Proposals aren’t what they used to be…
According to the latest Census there were nearly 200,000 fewer marriages in the UK than in 1991. The number of married people fell to 20.4 million. In 2012, The Office of National Statistics reported a slight rise of 3.7 per cent among people marrying in England and Wales: but they thought that was because fewer of us could afford ceremonies in exotic locations. It could be that more people are cohabiting. Or it could be that the whole business of proposing has become too terrifying.
Why? Because the social media explosion has led to an epidemic of brilliant, crazy and outlandish proposals. Here are the kinds of stunts potential suitors are expected to live up to:
- Taking a full page advert in the local paper
- Getting an entire Tube carriage to sing ‘Lovely Day’
- Lighting up a city office building with a heart
- Taking girlfriend to cinema then showing a ‘will you marry me’ trailer
- Getting Tom Cruise to pop the question for you.
All very clever I’m sure, but what’s wrong with the good old fashioned method?
You know the sort of thing. The sheepish cough. The high-pitched voice. The grass-stained knee.
As much as we admire the skydivers, flashmobbers and building-lighter-uppers, don’t you hanker after the elegant, perfectly-worded, stiff upper-lipped declarations from days of yore?
There are of course, caddish proposals and there are lovely ones. Here is a caddish one, from the unscrupulous Mr Elliot in Jane Austin’s Persuasion. He is a cousin of his intended victim, Anne, hence this slithery approach:
“The name of Anne Elliot…has long had an interesting sound to me. Very long has it possessed a charm over my fancy; and if I dared, I would breathe my wishes that the name might never change.”
In Gone with the Wind, Rhett was a little more direct with his quarry:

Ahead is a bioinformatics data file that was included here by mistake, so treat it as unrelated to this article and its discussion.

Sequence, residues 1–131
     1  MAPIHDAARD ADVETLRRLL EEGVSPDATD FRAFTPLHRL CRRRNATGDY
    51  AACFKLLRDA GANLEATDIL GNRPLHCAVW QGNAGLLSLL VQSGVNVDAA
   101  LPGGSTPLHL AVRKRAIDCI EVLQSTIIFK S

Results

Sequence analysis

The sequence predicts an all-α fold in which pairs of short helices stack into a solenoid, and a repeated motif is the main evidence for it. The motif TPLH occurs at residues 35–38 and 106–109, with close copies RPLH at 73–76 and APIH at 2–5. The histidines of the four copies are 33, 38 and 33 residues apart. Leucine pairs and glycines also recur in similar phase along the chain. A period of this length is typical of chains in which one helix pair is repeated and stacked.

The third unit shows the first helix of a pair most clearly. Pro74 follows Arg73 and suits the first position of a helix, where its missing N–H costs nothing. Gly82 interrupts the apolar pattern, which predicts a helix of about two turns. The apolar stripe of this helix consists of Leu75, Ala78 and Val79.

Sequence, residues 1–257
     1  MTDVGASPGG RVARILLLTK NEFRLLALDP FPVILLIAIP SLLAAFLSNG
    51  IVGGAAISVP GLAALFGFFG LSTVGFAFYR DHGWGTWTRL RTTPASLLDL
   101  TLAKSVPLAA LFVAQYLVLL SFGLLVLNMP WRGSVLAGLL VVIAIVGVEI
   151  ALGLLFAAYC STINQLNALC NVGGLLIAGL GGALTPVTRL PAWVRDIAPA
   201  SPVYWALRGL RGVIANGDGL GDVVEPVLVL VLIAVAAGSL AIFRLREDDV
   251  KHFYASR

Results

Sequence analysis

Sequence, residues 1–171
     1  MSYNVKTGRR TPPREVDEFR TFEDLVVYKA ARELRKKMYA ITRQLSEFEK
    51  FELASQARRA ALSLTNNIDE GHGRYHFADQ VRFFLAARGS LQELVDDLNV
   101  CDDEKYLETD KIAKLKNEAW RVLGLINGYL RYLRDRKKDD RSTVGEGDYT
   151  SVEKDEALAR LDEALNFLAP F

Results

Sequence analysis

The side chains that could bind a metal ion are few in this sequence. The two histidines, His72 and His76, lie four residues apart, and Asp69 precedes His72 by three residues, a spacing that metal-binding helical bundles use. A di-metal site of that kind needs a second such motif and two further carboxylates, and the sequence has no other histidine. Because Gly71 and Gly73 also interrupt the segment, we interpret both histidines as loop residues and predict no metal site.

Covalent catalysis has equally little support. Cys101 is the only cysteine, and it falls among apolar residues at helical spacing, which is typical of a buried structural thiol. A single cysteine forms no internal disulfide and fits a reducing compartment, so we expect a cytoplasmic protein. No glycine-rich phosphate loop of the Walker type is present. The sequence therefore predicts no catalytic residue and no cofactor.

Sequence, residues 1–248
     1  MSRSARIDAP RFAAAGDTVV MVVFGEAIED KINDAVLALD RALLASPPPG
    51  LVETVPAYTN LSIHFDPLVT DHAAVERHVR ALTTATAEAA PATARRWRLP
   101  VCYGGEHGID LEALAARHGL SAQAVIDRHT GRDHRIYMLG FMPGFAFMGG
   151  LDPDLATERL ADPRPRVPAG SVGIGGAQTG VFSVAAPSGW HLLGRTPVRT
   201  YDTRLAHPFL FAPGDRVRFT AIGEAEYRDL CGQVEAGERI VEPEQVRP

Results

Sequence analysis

“I’m going away tomorrow for a long time and I fear that if I wait till I return you’ll have married someone else with a little money. So I thought, why not me and my money? Really, Scarlett, I can’t go all my life waiting to catch you between husbands”.
Sometimes you get a bland proposal. But if you do that in an Oscar Wilde play, especially The Importance of Being Earnest, there is a very good chance your intended will come back with a pearler.
Jack Worthing: “You are quite perfect Miss Fairfax”.
Gwendolyn Fairfax: “Oh, I hope I am not that. It would leave no room for developments, and I intend to develop in many directions”.
And our favourite?
In P G Wodehouse’s sublime novel Leave It to Psmith, the eponymous character proposes to Eve Halliday. The slight drawback is that she thinks he is a Canadian poet called Ralston McTodd who has run away from her best friend. Despite that handicap, they go for a moonlit walk. Psmith, gesturing at the stars with “a kindly yet not patronising wave of his hand” gets down to business.
Eve is not impressed.
“And you expect me to take you seriously?”
“Assuredly not. I look upon the present disclosure purely as a sighting shot. Muse on me from time to time. Reflect that I may be an acquired taste. You probably did not like olives the first time you tasted them. Now you probably do. Give me the same chance you would an olive.”
Give me the same chance you would an olive. It doesn’t get much more romantic than that.
As we discovered at the beginning however, matrimony is not quite the force it was in the days when every novel and movie was obliged by law to end with a betrothal.
So who’s to blame? Hugh Grant, that’s who.
To end, here is his anti-proposal from Four Weddings and a Funeral:
“Do you think… after we’ve spent some time together… you might agree NOT to marry me? And do you think… not being married to me is something you’d consider doing for the rest of your life?”
That came out in 1994. Marriage has been in decline ever since.